Contrary to what many believe, the Chicago River is home to a diverse collection of nearly 70 species of fish, according to the Metropolitan Water Reclamation District.
This increase from about 10 species in the 1970s can be attributed to the improving water quality in the Chicago River. Accordingly, the Chicago River has become a hub for freshwater recreational fishing.
In 2006, the Chicago Park District launched the annual Mayor Daley’s Chicago River Fishing Festival, which has increased in popularity with each year. Additionally, the Illinois Department of Natural Resources hosts Urban Fishing Clinics throughout the state.
Don’t underestimate your impact! For example, did you know that reducing fertilizer use in your yard, picking up your garbage after a picnic at the beach, and reducing the amount you water your lawn are all are things you can do to keep Lake Michigan healthy? Actions like these help keep the beaches open all summer and your drinking water supply clean and abundant.
Lake Michigan is not just a big body of water that never changes. Water flows in and out of the lake continuously. Humans, plants, animals, and fish all use the lake to eat, drink, wash, and have fun. This is such a part of our everyday lives that often we do not even think about it.
The three EcoMyths Chicago ePostcards since January have talked about the impacts that people and nature have on Lake Michigan: its beaches, water levels, and drinking water.
Cap or Tap?
Tap! Yes, tap water from Lake Michigan is safe to drink. Chicagoland residents are fortunate to live near Lake Michigan, one of the world’s largest, cleanest sources of fresh water. The lake services water to millions of people in Illinois everyday.
But while it provides the public with great recreational opportunities as well as valuable tap water, some have raised concern about the safety of it for drinking purposes.
Even though the 1960s may have been plagued with warnings of the problems associated with pollution in the Great Lakes, times have changed. Thanks to the combination of the Clean Water Act and our sophisticated treatment facilities that clean lake water before it enters our faucets, the water from Lake Michigan is among the best municipal water supply sources in the world.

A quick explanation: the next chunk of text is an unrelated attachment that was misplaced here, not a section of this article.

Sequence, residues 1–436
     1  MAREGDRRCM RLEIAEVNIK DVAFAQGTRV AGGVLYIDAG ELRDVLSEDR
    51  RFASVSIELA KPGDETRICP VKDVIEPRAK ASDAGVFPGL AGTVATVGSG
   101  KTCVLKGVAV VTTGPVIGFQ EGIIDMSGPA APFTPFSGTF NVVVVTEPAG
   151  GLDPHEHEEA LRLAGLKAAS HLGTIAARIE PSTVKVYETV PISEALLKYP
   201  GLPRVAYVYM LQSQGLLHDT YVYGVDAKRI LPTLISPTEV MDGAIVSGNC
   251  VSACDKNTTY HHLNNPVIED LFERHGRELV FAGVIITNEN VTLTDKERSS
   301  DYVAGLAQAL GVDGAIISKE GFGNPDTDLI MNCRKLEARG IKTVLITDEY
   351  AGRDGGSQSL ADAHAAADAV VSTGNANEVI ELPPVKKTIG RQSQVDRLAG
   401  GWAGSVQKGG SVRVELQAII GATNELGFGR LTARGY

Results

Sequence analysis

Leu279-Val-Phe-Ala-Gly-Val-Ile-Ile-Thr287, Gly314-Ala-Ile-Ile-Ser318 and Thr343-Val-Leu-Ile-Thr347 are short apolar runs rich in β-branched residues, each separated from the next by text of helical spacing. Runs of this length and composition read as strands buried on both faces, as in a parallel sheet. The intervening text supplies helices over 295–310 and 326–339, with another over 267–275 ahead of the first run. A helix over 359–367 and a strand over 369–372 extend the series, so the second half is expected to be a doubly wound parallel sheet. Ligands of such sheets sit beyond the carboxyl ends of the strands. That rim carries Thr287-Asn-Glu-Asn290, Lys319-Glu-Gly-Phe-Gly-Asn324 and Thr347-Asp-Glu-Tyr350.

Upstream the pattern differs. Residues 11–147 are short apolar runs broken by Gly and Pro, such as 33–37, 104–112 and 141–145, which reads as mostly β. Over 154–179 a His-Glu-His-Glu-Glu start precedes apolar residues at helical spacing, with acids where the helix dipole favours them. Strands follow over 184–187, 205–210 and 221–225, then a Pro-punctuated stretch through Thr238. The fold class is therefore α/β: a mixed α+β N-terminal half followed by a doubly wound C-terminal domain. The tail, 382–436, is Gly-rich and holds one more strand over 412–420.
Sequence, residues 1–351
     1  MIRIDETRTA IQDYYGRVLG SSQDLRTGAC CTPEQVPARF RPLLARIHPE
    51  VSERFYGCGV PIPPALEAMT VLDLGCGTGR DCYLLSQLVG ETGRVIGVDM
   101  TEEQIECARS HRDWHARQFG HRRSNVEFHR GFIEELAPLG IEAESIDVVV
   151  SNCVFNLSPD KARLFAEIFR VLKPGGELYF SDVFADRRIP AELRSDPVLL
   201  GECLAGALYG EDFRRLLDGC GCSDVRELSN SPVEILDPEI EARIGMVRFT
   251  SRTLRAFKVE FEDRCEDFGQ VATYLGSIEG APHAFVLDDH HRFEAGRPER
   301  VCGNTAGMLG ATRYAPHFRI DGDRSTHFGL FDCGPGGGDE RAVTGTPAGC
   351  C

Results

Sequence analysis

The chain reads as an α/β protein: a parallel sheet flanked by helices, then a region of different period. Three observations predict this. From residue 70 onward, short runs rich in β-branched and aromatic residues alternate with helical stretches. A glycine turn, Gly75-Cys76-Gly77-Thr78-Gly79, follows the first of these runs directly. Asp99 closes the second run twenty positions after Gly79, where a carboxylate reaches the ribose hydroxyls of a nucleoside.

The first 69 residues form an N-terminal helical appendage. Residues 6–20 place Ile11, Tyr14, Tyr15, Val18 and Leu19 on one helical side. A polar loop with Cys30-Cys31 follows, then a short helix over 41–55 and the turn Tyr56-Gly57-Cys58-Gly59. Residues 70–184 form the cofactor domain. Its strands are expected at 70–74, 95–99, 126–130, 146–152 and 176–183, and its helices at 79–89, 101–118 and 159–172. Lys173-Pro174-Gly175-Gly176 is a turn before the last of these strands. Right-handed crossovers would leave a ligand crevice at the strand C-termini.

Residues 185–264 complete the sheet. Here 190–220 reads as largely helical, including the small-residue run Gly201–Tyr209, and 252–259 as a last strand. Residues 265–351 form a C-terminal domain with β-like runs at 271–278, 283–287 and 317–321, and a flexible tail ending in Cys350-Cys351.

While natural fluctuations in water levels are normal, when lake levels drop and stay down, it raises a red flag. Lake Michigan’s water level changes naturally over time, just like the rest of the Great Lakes. Fed by precipitation, runoff, groundwater, and flow between the chain of Great Lakes, water levels fluctuate with the seasons. On a longer time scale, four- to seven-foot cycles between high and low occur approximately every 15 years.
In addition to this natural variation, locks, dams, and climate change are modifying these natural cycles, while other activities have permanently lowered lake levels. Much effort has been devoted to protecting the natural ebbs and flows of the Great Lakes since they are critical to the health of coastal habitats that support people and wildlife.
Flushing Out the Truth
Despite what you may have heard, Lake Michigan beach closings in Illinois are only occasionally caused by sewage overflows from cities in the region. They’re more often triggered by other local issues, such as contaminated rainwater runoff from the land, excrement from birds and wildlife, excessive algae in the lake, and occasional diluted stormwater sewage from Chicagoland.
While a closed beach can be a serious bummer on a hot summer day, you can hardly blame raw sewage dumping as the reason you can’t swim, wade, or play your favorite water sport. In fact, the majority of pollutants that cause beach closings in Lake Michigan are derived from other local sources.
Water running off parking lots, streets, lawns, and homes carry bacteria and other contaminants into the lake while also transporting nutrients, such as lawn fertilizer, that promote excess algal growth in the water and on the beach. This is a cause for concern as mats of algae are suspected of harboring high concentrations of E. coli, a bacterium indicating a potential threat to human health.